Cells experience stress all the time, Egli points out, from sources such as low oxygen, high or low temperatures, mechanical stress from exercise and chemical stress from inflammation. If simple acid or mechanical stress causes cells to revert to an early developmental state, he says, “it’s hard to imagine how our bodies would maintain integrity over a lifetime.”
But Qi-Long Ying, a stem cell biologist at the University of Southern California’s Keck School of Medicine in Los Angeles, speculates that the body produces inhibitory factors that prevent stress from reprogramming cells. Without those inhibitions, lab-grown cells can regress to an immature state. Understanding how stress reverts mouse cells to the anything-goes state may teach researchers more about cancer, another condition in which cells have no particular identity and grow rapidly. He worries that cells reprogrammed by stress might be more susceptible to becoming cancerous.
On the road to using STAP cells in individualized medicine, ethical barriers may also pop up. Because STAP cells may be totipotent, James Byrne, a stem cell researcher at UCLA, worries that the new technology may raise old specters of human cloning. Debates over the ethics of embryonic stem cell research were largely pushed to the side when researchers learned how to reprogram adult cells into iPS cells. Because iPS cells usually don't form placenta, they probably would not grow into a fetus if directly transplanted into a uterus. But acid-reprogrammed cells potentially could grow into a fetus, placenta and all. If that’s true, the cells might be used to treat infertility by creating an embryo from an adult’s cells, Byrne says.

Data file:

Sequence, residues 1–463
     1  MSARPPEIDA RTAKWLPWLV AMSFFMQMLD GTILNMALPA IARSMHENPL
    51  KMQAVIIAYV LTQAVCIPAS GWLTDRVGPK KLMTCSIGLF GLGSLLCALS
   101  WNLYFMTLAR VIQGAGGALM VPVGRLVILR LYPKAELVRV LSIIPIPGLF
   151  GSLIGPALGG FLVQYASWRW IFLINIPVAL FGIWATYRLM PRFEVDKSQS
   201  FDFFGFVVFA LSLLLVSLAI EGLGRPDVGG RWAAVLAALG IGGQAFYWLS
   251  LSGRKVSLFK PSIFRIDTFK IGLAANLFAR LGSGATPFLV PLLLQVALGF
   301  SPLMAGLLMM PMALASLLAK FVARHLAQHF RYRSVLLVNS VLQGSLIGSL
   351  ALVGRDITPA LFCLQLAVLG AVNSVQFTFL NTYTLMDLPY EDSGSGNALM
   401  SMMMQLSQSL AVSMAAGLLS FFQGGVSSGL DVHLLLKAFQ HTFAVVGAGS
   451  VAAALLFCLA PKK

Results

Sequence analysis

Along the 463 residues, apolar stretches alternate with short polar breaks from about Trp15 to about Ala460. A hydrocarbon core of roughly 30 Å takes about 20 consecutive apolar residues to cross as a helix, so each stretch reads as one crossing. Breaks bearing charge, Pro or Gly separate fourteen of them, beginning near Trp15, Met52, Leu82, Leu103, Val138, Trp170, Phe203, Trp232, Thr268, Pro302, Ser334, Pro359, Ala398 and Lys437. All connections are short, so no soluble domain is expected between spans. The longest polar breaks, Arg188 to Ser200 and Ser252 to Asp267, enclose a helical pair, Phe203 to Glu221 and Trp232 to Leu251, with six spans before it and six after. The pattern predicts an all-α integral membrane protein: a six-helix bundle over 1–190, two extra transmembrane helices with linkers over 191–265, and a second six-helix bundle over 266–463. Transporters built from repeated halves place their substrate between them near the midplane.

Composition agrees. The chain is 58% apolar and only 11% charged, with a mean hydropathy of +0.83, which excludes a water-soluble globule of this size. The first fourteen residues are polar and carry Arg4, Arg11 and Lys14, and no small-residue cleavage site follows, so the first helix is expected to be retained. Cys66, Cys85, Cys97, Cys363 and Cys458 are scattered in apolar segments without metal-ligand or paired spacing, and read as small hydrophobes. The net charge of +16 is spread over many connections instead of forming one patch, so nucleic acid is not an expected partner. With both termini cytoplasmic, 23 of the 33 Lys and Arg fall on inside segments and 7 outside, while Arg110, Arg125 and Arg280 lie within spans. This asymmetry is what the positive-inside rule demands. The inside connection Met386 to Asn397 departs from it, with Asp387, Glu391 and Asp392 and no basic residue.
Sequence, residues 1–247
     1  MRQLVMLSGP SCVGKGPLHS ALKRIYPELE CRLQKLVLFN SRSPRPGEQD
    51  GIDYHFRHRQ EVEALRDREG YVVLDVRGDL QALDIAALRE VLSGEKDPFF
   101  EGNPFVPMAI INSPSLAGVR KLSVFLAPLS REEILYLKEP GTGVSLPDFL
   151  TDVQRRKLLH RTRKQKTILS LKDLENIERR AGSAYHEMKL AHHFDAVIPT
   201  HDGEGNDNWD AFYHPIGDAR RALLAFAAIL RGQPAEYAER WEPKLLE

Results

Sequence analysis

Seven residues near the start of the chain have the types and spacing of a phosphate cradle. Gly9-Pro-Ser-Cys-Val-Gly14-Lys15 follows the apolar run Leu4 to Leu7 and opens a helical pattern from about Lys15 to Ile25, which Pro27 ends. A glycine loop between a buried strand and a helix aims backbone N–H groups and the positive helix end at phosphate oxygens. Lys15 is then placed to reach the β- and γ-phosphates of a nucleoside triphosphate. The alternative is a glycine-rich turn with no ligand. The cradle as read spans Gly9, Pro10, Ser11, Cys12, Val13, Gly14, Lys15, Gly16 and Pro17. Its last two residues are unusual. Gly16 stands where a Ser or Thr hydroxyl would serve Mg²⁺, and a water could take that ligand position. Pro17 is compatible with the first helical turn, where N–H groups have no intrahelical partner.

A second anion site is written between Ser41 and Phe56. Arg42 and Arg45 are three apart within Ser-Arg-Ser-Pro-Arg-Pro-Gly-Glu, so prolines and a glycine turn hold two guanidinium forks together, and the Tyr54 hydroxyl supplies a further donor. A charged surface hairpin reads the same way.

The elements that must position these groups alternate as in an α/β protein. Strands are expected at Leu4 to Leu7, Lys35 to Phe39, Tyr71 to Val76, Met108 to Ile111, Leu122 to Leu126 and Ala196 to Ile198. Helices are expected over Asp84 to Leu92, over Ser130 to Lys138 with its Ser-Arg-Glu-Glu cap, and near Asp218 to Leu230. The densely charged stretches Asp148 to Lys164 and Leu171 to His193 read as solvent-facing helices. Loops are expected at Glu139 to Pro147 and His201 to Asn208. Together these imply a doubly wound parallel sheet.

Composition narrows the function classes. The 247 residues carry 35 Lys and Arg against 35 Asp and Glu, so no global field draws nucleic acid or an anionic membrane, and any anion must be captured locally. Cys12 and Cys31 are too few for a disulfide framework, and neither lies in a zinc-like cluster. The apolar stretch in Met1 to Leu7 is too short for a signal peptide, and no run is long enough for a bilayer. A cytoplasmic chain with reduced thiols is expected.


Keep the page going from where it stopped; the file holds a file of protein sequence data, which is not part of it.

The new method is just one of many ways to create stem cells, says Louise Laurent, a stem cell biologist at the University of California, San Diego and the Sanford Consortium for Regenerative Medicine. If stress reprograms human cells as quickly and efficiently as it does mouse cells, it may have advantages over older techniques. Ultimately, researchers conducting clinical trials will choose the most stable cells that faithfully reproduce tissues of interest, Laurent says.
Much research is needed to show whether STAP cells can compete with other types of stem cells, she says. Regardless of the final outcome, she says, “these papers will inspire people to explore less traditional ways of changing a cell’s fate.”
Editor's Note: The research described in this article is the subject of a reported February 2014 investigation by RIKEN. Read more about the concerns about the findings.
BACK TO BASICS After half an hour in mild acid, a mouse’s white blood cells can convert to a new type of stem cell known as STAP cells. Cells undergoing conversion turn on a gene called Oct4 (green), which helps in reprogramming the cell to a primordial state. The STAP cells eventually developed into a mouse embryo with a beating heart. All of the organism’s cells grew from the new type of stem cell, which can also make part of the placenta (not shown).
Credit: H. Obokata
H. Obokata et al. Stimulus-triggered fate conversion of somatic cells into pluripotency. Nature. Vol. 505, January 30, 2014, p. 641. doi:10.1038/nature12968.
H. Obokata et al. Bidirectional developmental potential in reprogrammed cells with acquired pluripotency. Nature. Vol. 505, January 30, 2014, p. 676. doi:10.1038/nature12969.